Page 7 shows the performance measures for Project Homekey and the other Roadmap programs.  In the first quarter, there were 686 unique Homekey clients. Of those, 20 (3.2%) were connected to Time Limited Subsidy (Rapid Rehousing) housing. Of the 20, 8 (47.3% of 20) have a move-in date. Nine were referred to permanent housing. The percentage shown with the 9 is 30.37%, but 9 is not 30.37% of the 149 connected to housing navigation; the percentage does not correspond to any other number in the table. The remaining columns show average time to connect to housing navigation and exit from Interim Housing, plus the number of other exits, such as death, return to homelessness, or incarceration.

None of the measures on pages 7 and 8 are outcome measures. They are process measures, since they simply count the number of clients at a given stage in the system. One may define housing placement as an outcome, but the columns (vi and vii) measuring housing actions are only move-in dates, not completed housing actions. In fact, the columns showing exits to permanent or temporary housing are zero in both quarters. Stated plainly, none of the actions in the six months shown on the tables on pages 7 and 8 resulted in confirmed housing placements. 

The Inside Safe Program page consists of three sections: a Scope of Required Services for LAHSA Inside Safe service providers, quarterly metrics reports from the CAO to the Council, and LAHSA cash requests and invoices submitted to the City. 

Looking at the most recent Inside Safe report, the 13th Status Report March 28, 2024

The expenditure breakdown (page 10 of 24 in the PDF) is good but buried in the middle of the report. The same can be said for the program activity table on page 15—good information but buried. Also, 20% of program entrants fell back into homelessness, with almost 14% exiting with no further tracking. Where did they go? 

Currently, per the report, $255,355,490 has been spent on 2,482 participants for a cost of $98,450 per person, but 20% of those 2,482 people left, so the actual cost per participant is higher.  It’s important to note the report says data is based on HMIS entries, and we already know LAHSA doesn’t enforce data integrity procedures like telling the City when someone vacates an Inside Safe room. 

The numbers in Attachment 3 (page 17 of the PDF) don’t match the numbers on pages 1 of 4 and 2 of 4, (pages 15 and 16 pf the PDF). 

Inside Safe Payment Package # 4: These are just financial metrics with no mention of actual services provided. What are the service milestones or metrics used to determine payment?  The website should include links to contracts and key performance indicators, so we know what the money is spent on. 

There are many other subsections, reports, and charts on the website, but the previous descriptions should give the reader an idea of the data currently available. So far, what we see tends to confirm what we’ve long suspected: the City pays LAHSA and service providers despite little or no proof of performance. Few, if any, performance measures show program outcomes, other than far more people falling back into homelessness than are housed. The Scopes of Required Services may be helpful for knowing what providers should be doing, but there is no data to show how well a provider is meeting those requirements, or even if those requirements have any effect on homelessness.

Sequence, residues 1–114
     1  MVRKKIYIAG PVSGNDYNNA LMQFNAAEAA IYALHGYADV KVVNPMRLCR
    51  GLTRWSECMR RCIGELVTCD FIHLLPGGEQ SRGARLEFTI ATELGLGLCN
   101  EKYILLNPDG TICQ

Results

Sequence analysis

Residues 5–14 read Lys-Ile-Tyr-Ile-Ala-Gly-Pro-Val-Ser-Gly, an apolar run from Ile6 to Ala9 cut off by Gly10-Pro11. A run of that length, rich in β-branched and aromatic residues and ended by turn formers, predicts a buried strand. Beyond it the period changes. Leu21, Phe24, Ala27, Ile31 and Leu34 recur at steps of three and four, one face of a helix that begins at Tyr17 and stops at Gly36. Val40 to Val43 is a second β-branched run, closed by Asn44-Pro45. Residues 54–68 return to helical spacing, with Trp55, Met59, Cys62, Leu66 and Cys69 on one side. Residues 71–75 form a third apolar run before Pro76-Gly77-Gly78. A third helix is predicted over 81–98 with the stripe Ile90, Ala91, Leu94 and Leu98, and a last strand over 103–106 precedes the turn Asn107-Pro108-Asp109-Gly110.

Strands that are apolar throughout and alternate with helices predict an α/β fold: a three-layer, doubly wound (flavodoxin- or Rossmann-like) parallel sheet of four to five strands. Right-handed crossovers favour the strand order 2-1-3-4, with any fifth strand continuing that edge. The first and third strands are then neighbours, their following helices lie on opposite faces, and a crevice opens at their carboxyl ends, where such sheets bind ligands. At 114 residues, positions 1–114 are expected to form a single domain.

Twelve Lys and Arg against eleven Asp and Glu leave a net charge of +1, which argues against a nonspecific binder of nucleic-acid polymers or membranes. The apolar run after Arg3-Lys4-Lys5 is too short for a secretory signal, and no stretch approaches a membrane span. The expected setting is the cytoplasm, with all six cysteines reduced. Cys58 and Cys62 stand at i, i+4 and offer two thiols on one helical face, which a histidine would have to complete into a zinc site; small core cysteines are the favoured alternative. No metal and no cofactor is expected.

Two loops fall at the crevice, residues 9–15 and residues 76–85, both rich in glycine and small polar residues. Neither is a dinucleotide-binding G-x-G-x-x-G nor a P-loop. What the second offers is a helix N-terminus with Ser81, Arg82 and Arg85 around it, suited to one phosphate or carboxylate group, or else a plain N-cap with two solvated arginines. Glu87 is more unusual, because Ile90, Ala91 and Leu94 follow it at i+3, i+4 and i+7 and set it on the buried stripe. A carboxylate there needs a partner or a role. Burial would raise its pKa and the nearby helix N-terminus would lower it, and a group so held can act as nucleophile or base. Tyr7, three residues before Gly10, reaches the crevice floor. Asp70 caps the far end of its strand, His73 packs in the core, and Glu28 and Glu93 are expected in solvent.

As I’ve written in previous columns, LA’s homelessness programs are processed-based rather than outcome-focused.  As long as providers go through the motions and submit the right paperwork, they get paid.  Those payments can be huge: more than $255 million for Inside Safe, more than $11 million per year to manage the Highland Gardens interim housing facility; an average of almost $81,000 per month to run the Safe Parking lot on La Cienega.  A casual review of some of the invoices show a staggering number of subcontractors and a myriad of contracts, yet there is no reference to actual performance metrics. What we get for the money spent cannot be answered by the information on the website. 

There are really two things we should be asking for on the website. The first is to make it more intuitive and easier to use. Simple pie charts showing where funding comes from (like Measure H or the General Fund), and where the money goes (Inside Safe, housing construction, etc.) would be helpful. Second, and far more important, we need empirical proof the billions of dollars we spend are making a difference.  Judging by what we see so far, the answer is an emphatic No. 

In my next column, I’ll review some of the information on the City’s website in relation to the April 9 State Auditor’s report on how ineffective $24 billion worth of State homelessness funding has been.

(Tim Campbell is a resident of Westchester who spent a career in the public service and managed a municipal performance audit program.  He focuses on outcomes instead of process.)

Get The News In Your Email Inbox Mondays & Thursdays